• One (the robbery) had and has nothing to do with the other (the shooting).” How can you say that? Most reasonable people would believe that a person who has committed a strong-arm robbery in the preceding hour would be more likely to act in a way toward a policeman that would justify self-defense. Most of this editorial seems intent on rearranging the deck chairs on the Titanic. The problem isn’t the police or the Ferguson power structure. If you don’t believe me, ask Detroit, DC, or other urban areas with a black power structure. The problem is the decaying inner city and its residents. You should be focused on ways to fix that.

Incidentally, another article in the NY Times a few days ago partially explained why there were so few black cops in Ferguson – i.e., the city until recently was predominantly white, and it takes time for the changing population to be reflected in long-career positions like law enforcement:

  • Ferguson’s demographics have shifted rapidly: in 1990, it was 74 percent white and 25 percent black; in 2000, 52 percent black and 45 percent white; by 2010, 67 percent black and 29 percent white.

 

August 19, 2014

Rush to judgment in Ferguson

Filed under: Culture,Law/justice,Media — Mike Kueber @ 1:42 am
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As a mostly jaded, non-empathetic person, I don’t pay a lot of attention to human-interest stories. That explains why I didn’t initially follow the developments in Ferguson, MO. Then as things spiraled out of control, I played catch-up and read-up on the earlier activities and new developments. Part of my catch-up consisted of reviewing the Facebook wall of Cary Clack.

Cary is a Facebook friend who posts thought-provoking stuff. A couple of years ago, he was a columnist in the Express-News. Like most of the E-N columnists, Cary was a liberal and he provided readers with the African-American perspective on most issues. When Joaquin Castro decided to run for Congress, he lured Cary away from column-writing and into policy-advising. Then, when Joaquin was elected and left SA for DC, Cary stayed home and ran Joaquin’s local office. But that job didn’t last.

A couple of weeks ago, Joaquin’s brother, Julian, gave up his job as SA mayor and took a job as HUD secretary. The SA City Council replaced Julian by selecting Ivy Taylor as interim mayor, the first black mayor in SA history. (The city is only 7% black.) Ivy asked Cary to be her communications person and he accepted.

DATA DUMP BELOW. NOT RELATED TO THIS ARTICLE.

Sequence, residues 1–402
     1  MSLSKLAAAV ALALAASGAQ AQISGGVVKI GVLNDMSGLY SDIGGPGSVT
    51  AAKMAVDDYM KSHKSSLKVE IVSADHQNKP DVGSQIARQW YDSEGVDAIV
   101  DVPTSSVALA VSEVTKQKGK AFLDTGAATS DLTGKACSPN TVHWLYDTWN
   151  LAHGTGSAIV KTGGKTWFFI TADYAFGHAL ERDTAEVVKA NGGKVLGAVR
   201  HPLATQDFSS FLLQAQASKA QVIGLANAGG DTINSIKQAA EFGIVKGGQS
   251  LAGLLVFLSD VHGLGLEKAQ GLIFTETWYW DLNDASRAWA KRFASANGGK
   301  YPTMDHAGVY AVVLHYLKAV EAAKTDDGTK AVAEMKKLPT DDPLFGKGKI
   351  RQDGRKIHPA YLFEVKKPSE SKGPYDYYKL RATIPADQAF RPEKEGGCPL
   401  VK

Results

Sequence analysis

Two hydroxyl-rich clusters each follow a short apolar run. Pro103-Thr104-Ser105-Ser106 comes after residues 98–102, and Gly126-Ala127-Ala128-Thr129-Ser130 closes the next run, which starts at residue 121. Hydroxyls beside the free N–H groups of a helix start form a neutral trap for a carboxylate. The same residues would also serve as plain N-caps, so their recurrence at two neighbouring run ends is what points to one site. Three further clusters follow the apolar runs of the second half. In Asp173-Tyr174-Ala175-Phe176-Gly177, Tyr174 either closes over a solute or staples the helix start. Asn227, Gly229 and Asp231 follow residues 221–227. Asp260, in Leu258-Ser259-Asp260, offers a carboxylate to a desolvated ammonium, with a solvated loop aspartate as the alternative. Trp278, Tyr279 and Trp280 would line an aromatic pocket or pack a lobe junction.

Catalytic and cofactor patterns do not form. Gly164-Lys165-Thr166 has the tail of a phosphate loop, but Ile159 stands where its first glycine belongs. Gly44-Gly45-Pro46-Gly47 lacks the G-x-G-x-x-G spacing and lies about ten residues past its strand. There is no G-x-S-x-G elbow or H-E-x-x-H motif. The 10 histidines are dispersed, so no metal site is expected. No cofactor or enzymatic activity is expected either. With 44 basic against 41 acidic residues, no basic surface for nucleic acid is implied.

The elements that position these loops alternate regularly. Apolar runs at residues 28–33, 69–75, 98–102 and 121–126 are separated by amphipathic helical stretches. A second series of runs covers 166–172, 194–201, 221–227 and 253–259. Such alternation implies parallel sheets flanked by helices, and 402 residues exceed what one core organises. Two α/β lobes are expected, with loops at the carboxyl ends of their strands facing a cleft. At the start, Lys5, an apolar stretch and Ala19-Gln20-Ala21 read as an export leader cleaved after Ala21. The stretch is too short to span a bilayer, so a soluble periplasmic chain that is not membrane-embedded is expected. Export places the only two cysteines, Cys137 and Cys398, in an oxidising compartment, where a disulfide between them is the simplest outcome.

Multiple jobs haven’t changed Cary. One of his first posts on the subject of Ferguson and Michael Brown, Jr. included a link to a CBS St. Louis article titled, “Michael Brown called quiet, respectful.”  The following paragraphs were gleaned from the article:

  • Big Mike, as some of his friends called Michael Brown Jr., wasn’t the type to fight, family and neighbors said, though he lived in a restless neighborhood where police were on frequent patrol. His parents and neighbors described him as a good-hearted kid with an easy smile who certainly wouldn’t have condoned the violence and looting that spread through his north St. Louis suburb following his death.
  • Brown was an aspiring rapper, though it was more of a hobby. This week, he was supposed to start college in pursuit of a career as a heating and air conditioning engineer. On the day of this death, Brown had walked with another friend to a nearby convenience store. Mull saw them in the street and honked his horn to say to “hi” just minutes before the police officer came by.
  • “He was never a person who liked confrontation,” Mull said. “His smile was going to make you smile.”
  • Neighbors described Brown as quiet and respectful—a “good boy,” who “was never in trouble,” said Sharon Johnson, 58, who lives just a little ways down the street. Johnson said Brown would frequently stop to chat.

A couple of days later, the police released a video that revealed “Big Mike” was not always good-hearted, peaceful, and respectful. In fact, I can only imagine how stupid the reporter who wrote the article feels about saying Brown “wouldn’t have condoned the violence and looting.” Hell, Brown did not even need the cover of a riot to conduct his personal looting of a liquor store.

To Cary’s credit, he posted the Brown video and said: